In their new book, Fireground Operational Guides (PennWell 2011), Frank Viscuso and Michael Terpak provide readers with a universal tactical worksheet that could be used at all structure fires and 70 operational “field” guides for incidents such as multiple-alarm structure fires (at various construction types and occupancies), water emergencies, natural gas emergencies, electrical emergencies, carbon monoxide investigations, outdoor fires, wildland-urban interface fires, vehicle fires, engine company operations, ladder company operations, hazardous material incidents, non-fire emergencies, general operations, and more. The operational guides featured in the book are designed to serve many purposes. They can be used as field guides, drill templates, standard operating procedure (SOP) formats, and study guides for firefighters interested in advancing their career to the officer level. The following is an excerpt from chapter 12, “General Operations.”
Offensive to Defensive Strategy
(1) Firefighters Gerard “Rod” Nardone and Matt Mitchell engage in a defensive operation.
The operational guide that follows provides necessary steps the IC should take when changing from an offensive to a defensive strategy. Always remember that it is better to go from an offensive to a defensive strategy too soon rather than too late. When it comes to firefighter safety and fireground survival, there is no room for hesitation.
- Have your dispatcher announce a change in tactics from offensive to defensive, and order all personnel operating within the structure to evacuate and meet at the command post (or another designated location).
- Have your dispatcher send a designated evacuation tone over the radio.
- Have apparatus drivers activate their air horn four times to signify evacuation of the structure.
- Request an additional alarm and necessary resources if you do not have enough of on scene or in staging to handle the change in tactics.
- Along with your accountability and safety officers, account for all personnel to ensure they have made it out of the structure. Have your dispatcher call the officer of each company to confirm all personnel are accounted for. (See the following example.)
– Dispatcher: “Engine 1.”– Engine 1 officer: “E-1 officer, ALL members are accounted for.”– Dispatcher: “Engine 2 officer.”– Continue calling units until all companies/members are accounted for.
- If members do not respond, activate the rapid intervention crew (RIC).
– The RIC should follow the “Operational Guide for the RIC.”
- Establish divisions on all four sides (A, B, C, and D).
– Do this after you conduct a PAR and account for all members.
- Walls collapse in three general manners:
– 90-degree-angle collapse: This is most common and is similar to a falling tree. The wall falls straight out, and the top hits the ground at a distance equal to the height of the wall.– Curtain-fall collapse: Generally occurs with a masonry wall. It collapses like a curtain dropping from the top, creating a pile of debris at the base of the wall.– Inward/outward collapse: A wall leaning inward may not necessarily fall inward. The lower or upper portion may slide or “kick” outward.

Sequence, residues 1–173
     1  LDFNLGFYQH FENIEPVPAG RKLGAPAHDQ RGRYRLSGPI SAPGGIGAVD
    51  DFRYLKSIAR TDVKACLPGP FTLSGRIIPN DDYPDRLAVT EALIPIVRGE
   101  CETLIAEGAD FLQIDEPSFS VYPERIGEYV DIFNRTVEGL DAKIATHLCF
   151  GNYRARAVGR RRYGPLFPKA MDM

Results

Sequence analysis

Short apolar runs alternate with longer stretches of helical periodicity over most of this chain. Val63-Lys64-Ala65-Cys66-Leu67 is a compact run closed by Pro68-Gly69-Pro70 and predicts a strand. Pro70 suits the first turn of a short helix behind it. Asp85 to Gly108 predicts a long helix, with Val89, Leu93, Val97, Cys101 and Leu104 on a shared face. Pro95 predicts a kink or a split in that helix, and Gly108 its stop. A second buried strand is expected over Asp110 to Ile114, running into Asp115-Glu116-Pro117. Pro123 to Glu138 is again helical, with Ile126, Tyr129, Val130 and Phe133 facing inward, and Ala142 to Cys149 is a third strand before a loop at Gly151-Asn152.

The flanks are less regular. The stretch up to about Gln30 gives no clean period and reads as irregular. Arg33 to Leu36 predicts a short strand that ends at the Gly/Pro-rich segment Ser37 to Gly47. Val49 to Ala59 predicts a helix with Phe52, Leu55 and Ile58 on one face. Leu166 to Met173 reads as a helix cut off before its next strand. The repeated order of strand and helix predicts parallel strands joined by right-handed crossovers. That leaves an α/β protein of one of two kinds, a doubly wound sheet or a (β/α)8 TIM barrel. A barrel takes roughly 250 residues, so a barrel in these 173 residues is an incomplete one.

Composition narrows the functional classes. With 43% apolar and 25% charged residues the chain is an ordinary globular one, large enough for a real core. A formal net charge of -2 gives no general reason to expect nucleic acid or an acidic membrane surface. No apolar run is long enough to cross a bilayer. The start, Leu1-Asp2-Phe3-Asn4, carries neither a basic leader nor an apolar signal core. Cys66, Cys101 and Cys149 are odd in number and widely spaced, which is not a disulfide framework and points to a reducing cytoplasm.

- The collapse zone itself should be as wide as the structure and one and a half times the height.
- Take construction materials into consideration.
– Ordinary and heavy timber buildings = two times the height of the structure.
- Use caution/barricade tape to clearly mark the edges of the collapse zone.
- When established, collapse zones must be maintained during and after the incident, during the investigation, and until the structure is examined by an engineer.
- Assign additional safety officer(s) to cover all four sides.
- If you haven’t already, call for the response of the utility companies to shut off the gas, electric, and water to building from exterior locations, away from structure.
- Depending on the height of the structure and its building features, set up a number of surveyor transits to detect an early structural movement from walls, church steeples and bell towers, water tanks, and so on.
- Consider the following when determining collapse potential:
– Fire size and location– Heavy fire for an extended period of time– Pieces of the building falling off– Cracks in walls– Leaning or bowing walls– Building age and condition– Faulty/poor construction– Foundation failure– Extraordinary loads– Lack of water runoff– Sagging floors or beams– Spongy roof or floors– Previous fires at this location– Explosions, flashovers, or backdrafts– Water and/or smoke pushing through solid masonry wall– Smoke through mortar joints– Accidental cutting of structural support members– Lightweight construction components– Extreme weather conditions– Fire reaches the truss roof– Unusual noises (creaking)– Any combination of causes
- Firefighters should be mindful of the condition of the parapet, canopy, marquee, cornice, floors, and roof.
- Constantly monitor for secondary collapse from the existing structure or collapse and failure of any surrounding exposure buildings.
- Note: If collapse occurs, follow the “Operational Guide for Structural Collapse.”
- If the roof is still intact, aim the streams up, through windows, into involved ceilings.
- If the roof has burned away, use elevated streams and aim down onto the fire.
- If possible, position and secure unmanned master streams outside the collapse zone.
- Whenever possible, do not use the same water main when additional water is needed.
- Do everything in your power to protect exposures from collapse, radiant heat, water runoff, and so on.
- Evacuate exposures, if necessary.
- Use a minimum of one engine and a ladder company.
- Position downwind to track and extinguish flying brands.
- Establish emergency incident rehabilitation
– Follow the “Operational Guide for Emergency Incident Rehabilitation.”